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Projectile Points
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Thumbnail image of a Jack's Reef pentagonal point.Defining Attributes

The Jack's Reef Pentagonal is a broad, thin, stemless pentagonal point.

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The Jack’s Reef Pentagonal point dates to the Middle and Late Woodland periods.  Wall et al. (1996) state that the type has been radiocarbon dated between 310 and 955 AD (approximately 400-1000 AD in calendar years).  Justice (1987:217) suggests the type appears in the Northeast around 500 AD and disappears around 1000 AD.  A radiocarbon date of 1560 +/- 25 BP (488 AD calendar) came from a Jack’s Reef midden at the Upper Ridge site on the Virginia Eastern Shore, and the nearby Mockhorn #12 site produced similar dates (Lowery 2013).  Custer (1996a) notes that radiocarbon dates from the Island Field site in Delaware, as well as elsewhere in the region, indicate a range of 600 to 900 AD (650-975 AD in calendar years).  Coe (1995) recovered more than 10,000 of the very similar Pee Dee Pentagonal points from North Carolina’s Town Creek site, which he dates from 1000 to 1300 AD.  In general, the dates for Jack’s Reef points seem to be earlier in the Northeast than they are farther to the south and west.


Blade:  Pentagonal in form, with straight sides (sometimes slightly contracting), usually asymmetrical.

Haft Element:  The base is usually straight, but can be concave.

Size:  Length ranges from 25 to 44 mm, although occasional larger specimens (over 200 mm) have been found (Custer 1996).  Typical width is 19 to 33 mm.  The maximum thickness is about 5 to 6 mm.

Technique of manufacture:  Refined pressure flaking on a thin primary flake.

Material: In a sample of 131 Jack’s Reef Pentagonal points from the lower Patuxent drainage, Steponaitis (1980) reported that 53% were quartz, followed by rhyolite (28%), quartzite (11%), chert (5%), argillite (2%), and jasper (1%).  In the area surrounding Zekiah Swamp on the lower Potomac, Wanser (1982) found that 46% of 13 Jack’s Reef Pentagonal points were quartzite, followed by quartz (15%), rhyolite (15%), chert (8%), and other materials (15%).  In the Monocacy River drainage, 57% of 42 Jack’s Reef Pentagonals were quartz, with 29% chalcedony and 7% each of chert and rhyolite (Kavanagh 1982).  In the Hagerstown Valley, a majority of Jack’s Reef Pentagonal points were chert, with the rest rhyolite (Stewart 1980).  Jasper and chert Jack’s Reef points predominate in the middle Potomac River Valley, but quartzite and rhyolite sometimes occur (Hranicky 2002).  In Delaware, 99% of Jack’s Reef points are jasper (Custer 1996a), and a pronounced preference for jasper has been noted throughout the Delmarva Peninsula (Lowery 2013).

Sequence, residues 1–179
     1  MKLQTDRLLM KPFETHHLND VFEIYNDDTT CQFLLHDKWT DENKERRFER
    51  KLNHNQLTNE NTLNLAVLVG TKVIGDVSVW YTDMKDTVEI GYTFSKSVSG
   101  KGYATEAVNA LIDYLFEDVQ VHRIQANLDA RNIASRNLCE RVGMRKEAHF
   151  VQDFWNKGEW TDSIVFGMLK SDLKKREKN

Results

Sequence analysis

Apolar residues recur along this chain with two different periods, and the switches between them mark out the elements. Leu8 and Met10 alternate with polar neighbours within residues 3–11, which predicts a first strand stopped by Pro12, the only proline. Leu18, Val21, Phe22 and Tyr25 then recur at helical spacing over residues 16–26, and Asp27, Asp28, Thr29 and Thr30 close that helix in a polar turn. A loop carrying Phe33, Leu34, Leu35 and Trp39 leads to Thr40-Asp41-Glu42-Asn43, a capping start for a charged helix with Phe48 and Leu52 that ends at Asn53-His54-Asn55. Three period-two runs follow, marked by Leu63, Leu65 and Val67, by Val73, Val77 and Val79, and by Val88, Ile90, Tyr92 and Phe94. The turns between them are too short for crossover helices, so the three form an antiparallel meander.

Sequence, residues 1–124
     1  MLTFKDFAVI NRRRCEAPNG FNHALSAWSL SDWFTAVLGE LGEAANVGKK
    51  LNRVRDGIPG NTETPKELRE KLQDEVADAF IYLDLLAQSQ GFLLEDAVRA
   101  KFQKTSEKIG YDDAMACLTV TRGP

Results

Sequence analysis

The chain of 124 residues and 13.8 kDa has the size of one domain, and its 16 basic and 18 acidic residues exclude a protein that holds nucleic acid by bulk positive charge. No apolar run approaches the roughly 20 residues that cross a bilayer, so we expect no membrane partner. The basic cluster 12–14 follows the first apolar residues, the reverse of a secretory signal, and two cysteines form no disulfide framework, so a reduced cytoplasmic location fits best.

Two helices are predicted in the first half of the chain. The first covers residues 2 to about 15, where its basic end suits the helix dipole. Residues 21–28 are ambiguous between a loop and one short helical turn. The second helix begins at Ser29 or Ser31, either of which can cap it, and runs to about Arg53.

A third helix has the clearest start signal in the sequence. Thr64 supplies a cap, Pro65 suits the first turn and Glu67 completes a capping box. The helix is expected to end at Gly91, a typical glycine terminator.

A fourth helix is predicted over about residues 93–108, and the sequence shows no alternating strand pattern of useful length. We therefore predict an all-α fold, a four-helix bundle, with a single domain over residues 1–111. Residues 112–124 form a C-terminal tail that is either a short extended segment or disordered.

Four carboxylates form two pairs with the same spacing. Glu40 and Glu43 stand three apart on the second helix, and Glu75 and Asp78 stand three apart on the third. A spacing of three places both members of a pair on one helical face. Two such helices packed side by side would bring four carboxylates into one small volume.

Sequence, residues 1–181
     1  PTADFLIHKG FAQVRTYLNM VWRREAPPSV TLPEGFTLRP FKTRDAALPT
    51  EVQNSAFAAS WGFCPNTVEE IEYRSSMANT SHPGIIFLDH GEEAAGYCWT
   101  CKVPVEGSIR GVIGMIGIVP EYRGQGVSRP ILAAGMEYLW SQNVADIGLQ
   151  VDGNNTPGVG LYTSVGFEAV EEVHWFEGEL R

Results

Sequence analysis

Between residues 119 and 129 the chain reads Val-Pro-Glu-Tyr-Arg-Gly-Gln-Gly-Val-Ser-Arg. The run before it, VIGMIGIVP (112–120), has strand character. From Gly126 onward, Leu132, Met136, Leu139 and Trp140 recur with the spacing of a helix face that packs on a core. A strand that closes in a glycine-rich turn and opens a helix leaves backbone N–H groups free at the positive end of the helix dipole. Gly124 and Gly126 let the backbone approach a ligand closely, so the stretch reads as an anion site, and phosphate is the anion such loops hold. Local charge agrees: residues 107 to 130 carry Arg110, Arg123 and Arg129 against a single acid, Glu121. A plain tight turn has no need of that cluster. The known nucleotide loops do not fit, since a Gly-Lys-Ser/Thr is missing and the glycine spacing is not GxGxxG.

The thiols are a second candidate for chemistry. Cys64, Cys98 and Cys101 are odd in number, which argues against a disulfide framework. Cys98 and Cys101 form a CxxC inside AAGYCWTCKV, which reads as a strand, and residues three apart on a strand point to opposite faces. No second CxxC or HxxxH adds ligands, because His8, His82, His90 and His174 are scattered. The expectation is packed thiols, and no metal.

Jack’s Reef Pentagonal and Jack’s Reef Corner Notched are related and contemporary points.  They are found across the Northeast, the eastern Great Lakes, and the Upper South (Justice 1987).  Lowery (2013) suggests Jack’s Reef cultures may have originated along the Atlantic Coast around 500 AD and spread westward. 

The Pentagonal points are much more common than the Corner Notched ones along the Patuxent and Potomac drainages.  Steponaitis (1980) recorded 131 Pentagonal points but only 2 Corner Notched ones along the lower Patuxent.  Wanser (1982) noted 13 Pentagonal but no Corner Notched examples among collections from the Zekiah Swamp area along the lower Potomac.  In the middle Potomac and Monocacy valleys, the Pentagonal is the most common (Kavanagh 1982; Hranicky 2002).  However, in the Hagerstown Valley, the opposite is true (Stewart 1980).  On the Delmarva Peninsula, some sites, such as Island Field, have a preponderance of Pentagonal points, while others, such as the Riverton site in Wicomico County, are dominated by Corner Notched examples (Lowery 2013).

The Pee Dee Pentagonal point, defined by Coe (1964), is very similar to Jack’s Reef Pentagonal.  Wall et al. (1996) describe a stemmed point from the Abbott Farm site area that appears to be related to the Jack’s Reef Pentagonal.

Defined in Literature

This type was originally defined by Ritchie (1961, revised 1971), based on the 1947 and 1951 excavations at the Point Peninsula Jack’s Reef site in New York.


Coe 1964; 1995; Custer 1996a; Hranicky 2002; Justice 1987; Kavanagh 1982; Lowery 2013; Ritchie 1971; Steponaitis 1980; Stewart 1980; Wall et al. 1996; Wanser 1982

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